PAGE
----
The Cost of Screening Adolescents for Overweight and Hypertension Using a Community Partnership Model
Article first published online: 9 MAY 2008
© 2008, The Authors. Journal Compilation © 2008, Blackwell Publishing, Inc.
Public Health Nursing
Volume 25, Issue 3, pages 235–243, May/June 2008
How to Cite
Brosnan, C. A., Swint, J. M., Upchurch, S. L., Meininger, J. C., Johnson, G., Lee, Y. F., Nguyen, T. Q. and Eissa, M. A. (2008), The Cost of Screening Adolescents for Overweight and Hypertension Using a Community Partnership Model. Public Health Nursing, 25: 235–243. doi: 10.1111/j.1525-1446.2008.00700.x
- Issue published online: 9 MAY 2008
- Article first published online: 9 MAY 2008
- health care cost;
- service learning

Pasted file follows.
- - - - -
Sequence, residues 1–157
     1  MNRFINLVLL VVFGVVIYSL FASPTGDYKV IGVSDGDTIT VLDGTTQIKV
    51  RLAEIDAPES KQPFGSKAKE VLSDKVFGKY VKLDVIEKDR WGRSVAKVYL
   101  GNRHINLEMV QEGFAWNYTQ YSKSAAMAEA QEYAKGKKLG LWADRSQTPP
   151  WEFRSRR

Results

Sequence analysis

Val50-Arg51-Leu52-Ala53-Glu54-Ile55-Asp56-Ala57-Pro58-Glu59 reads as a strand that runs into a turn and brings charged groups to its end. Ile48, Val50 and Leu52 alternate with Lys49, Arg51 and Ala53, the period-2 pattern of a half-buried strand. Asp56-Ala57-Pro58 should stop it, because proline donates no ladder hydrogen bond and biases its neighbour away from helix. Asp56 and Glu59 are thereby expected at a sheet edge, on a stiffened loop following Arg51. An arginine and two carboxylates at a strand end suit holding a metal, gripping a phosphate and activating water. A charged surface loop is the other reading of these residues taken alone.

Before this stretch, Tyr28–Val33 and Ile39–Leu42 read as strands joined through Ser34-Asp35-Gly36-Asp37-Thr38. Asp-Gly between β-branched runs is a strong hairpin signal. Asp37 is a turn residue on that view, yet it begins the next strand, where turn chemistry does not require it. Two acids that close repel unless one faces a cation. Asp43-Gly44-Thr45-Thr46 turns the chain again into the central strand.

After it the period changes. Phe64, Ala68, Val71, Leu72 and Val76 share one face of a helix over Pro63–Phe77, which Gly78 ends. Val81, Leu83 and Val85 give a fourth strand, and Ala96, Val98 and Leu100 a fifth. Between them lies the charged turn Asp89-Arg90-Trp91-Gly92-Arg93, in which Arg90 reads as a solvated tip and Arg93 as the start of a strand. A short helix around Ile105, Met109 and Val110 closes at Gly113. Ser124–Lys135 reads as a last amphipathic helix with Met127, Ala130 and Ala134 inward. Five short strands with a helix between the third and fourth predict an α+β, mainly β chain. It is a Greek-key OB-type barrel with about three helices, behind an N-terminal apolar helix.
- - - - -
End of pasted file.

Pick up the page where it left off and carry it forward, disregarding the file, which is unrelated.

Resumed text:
ABSTRACT Objectives: (1) Determine the prevalence of overweight and high blood pressure (BP) among middle and high school students over a 2-year period and, (2) measure the cost and initial outcomes of screening.
Design: Cost and outcome description using a cross-sectional design sample. The target population was 12- to 19-year-old healthy students attending grades 7 through 12 at 3 proximal schools located in a large urban school district in Texas.
Results: Of 2,338 students screened, 925 (39.6%) had a body mass index (BMI)≥85th percentile and 504 (21.6%) had BMIs≥95th percentile for age and gender. There were 346 students (14.8%) with BMIs≥85th percentile and systolic blood pressure (SBP)≥95th percentile for age, gender, and height. The cost of the 2-year screening program was $66,442, and the cost per student was $28. The cost to identify a student with increased BMI or high SBP was $72 and $107, respectively.
Conclusions: This study offered an objective framework to examine the cost and outcomes of screening children for overweight and increased BP. The study has implications for discussion and informed decision making about school-based screening for these conditions.